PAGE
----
A pedagogy that relies on the “Cliff Notes” sort of thing travesties the study of literature. To reduce the aesthetic values of a narrative to the ideas it expresses, to its “meaning,” is a drastic impoverishment. The map is not the landscape.”

Screen shot 2019-09-22 at 18.52.48

Ursula K. Le Guin (1929 – 2018)

I still find myself wanting to read as much as possible as a way of making sense of the world and my own place within it.

I aim to increase the number of blog posts on what I’m reading. These will probably serve more as a reminder to myself rather than offering any particularly profound insights, but who knows. In any event, writing is the best way of organizing thoughts. Making these public gives an added incentive not to be flippant, sloppy, unkind or lazy.

The simple pleasure of making new discoveries and revisiting old favorites is an end in itself. The joys are an antidote to the cynical business-minded world in which, to paraphrase Oscar Wilde, consumers are conditioned to know the price of everything but the value of nothing.

To confirm this, I was happy to stumble upon something Ursula K Le Guin said in a speech at the National Book Awards in 2014 : “Books aren’t just commodities; the profit motive is often in conflict with the aims of art. We live in capitalism, its power seems inescapable – but then, so did the divine right of kings. Any human power can be resisted and changed by human beings. Resistance and change often begin in art. Very often in our art, the art of words”.

Why bother to blog?

leapThis blog is in need of a reboot.

I’ve been writing it for almost ten years now and find myself increasingly facing a writer’s block.

For a couple of years I managed to write something every single day but recently the average number of posts has fallen to around four a month.

I feel better about myself when I do manage to get something down and it’s also useful to look back and gauge my changing moods and interests over the years.

But the devil in my head continues to whisper ‘Why bother?’ and directs my gaze to the steady fall in the number of views in the last few years. Despite having almost a thousand followers, it’s hard to ignore this inner negativity and to shake the feeling that my words simply get sucked into the void of cyberspace.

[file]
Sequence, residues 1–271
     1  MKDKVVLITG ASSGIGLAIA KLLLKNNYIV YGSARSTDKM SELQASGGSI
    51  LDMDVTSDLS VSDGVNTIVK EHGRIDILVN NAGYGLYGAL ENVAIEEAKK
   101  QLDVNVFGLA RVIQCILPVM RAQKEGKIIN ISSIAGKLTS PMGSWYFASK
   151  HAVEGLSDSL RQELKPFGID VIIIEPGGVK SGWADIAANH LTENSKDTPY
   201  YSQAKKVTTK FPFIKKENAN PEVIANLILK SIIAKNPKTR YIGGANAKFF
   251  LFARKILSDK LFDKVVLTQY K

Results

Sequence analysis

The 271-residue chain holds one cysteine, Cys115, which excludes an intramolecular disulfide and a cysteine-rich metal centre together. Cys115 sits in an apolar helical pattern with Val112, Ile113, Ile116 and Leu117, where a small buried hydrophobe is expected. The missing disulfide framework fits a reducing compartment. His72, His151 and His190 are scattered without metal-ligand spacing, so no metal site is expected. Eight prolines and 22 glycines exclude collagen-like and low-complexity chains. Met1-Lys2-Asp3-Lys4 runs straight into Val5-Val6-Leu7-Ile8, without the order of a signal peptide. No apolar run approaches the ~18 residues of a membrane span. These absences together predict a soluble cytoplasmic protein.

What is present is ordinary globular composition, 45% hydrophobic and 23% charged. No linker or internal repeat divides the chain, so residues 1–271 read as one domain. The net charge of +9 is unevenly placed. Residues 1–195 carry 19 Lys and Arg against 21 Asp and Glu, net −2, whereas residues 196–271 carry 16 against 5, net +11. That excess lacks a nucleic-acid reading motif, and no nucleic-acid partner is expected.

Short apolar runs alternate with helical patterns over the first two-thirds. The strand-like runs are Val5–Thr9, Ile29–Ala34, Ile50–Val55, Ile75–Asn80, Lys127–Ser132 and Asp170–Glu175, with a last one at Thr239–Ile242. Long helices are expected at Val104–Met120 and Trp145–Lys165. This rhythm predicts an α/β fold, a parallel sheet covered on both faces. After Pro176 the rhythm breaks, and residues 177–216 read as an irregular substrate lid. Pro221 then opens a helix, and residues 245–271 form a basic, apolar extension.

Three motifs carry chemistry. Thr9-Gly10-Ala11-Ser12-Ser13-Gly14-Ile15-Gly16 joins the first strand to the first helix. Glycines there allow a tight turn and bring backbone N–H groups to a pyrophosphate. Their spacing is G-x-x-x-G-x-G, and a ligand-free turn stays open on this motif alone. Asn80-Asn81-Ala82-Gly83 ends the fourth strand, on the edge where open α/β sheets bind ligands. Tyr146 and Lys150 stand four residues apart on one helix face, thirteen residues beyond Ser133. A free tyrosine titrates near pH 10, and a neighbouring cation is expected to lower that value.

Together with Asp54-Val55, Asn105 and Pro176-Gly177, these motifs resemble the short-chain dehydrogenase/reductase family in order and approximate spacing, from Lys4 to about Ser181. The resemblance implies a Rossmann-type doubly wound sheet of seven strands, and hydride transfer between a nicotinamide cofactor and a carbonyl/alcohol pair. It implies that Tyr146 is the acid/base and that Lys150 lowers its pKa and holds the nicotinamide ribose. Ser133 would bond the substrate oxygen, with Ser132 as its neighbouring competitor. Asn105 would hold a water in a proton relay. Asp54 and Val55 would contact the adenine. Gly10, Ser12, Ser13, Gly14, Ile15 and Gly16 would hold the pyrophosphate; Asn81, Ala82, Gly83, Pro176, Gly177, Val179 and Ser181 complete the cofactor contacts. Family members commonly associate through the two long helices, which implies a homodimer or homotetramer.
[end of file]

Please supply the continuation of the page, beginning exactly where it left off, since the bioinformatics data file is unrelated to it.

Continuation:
Still, whenever I have to think about a good personal quality I normally opt for perseverance. I’m not a smooth talker or a particularly fast learner and tend to distrust those who are skilled in these two fields.

What is a handicap in social settings can be an advantage when writing. Blogging fits my character because it gives me time to think before expressing myself even though this also means I too often keep well within my comfort zone.

So the next time the little demonic mind fucker asks ‘Why bother?’ I will reply that writing for the sake of it is a goal in itself and remind myself that looking before leaping doesn’t always save you from falling.

161037Quote of the day.

In Alasdair Gray’s ‘Lanark,  the protagonist and aspiring writer is reflecting on  the two main types of novels he found in his local public library:

“One kind was a sort or written cinema, with plenty of action and hardly any thought. The other kind was about clever unhappy people, often authors themselves, who thought a lot but didn’t do very much”.

A sweeping generalization perhaps, but there is a lot of truth in this.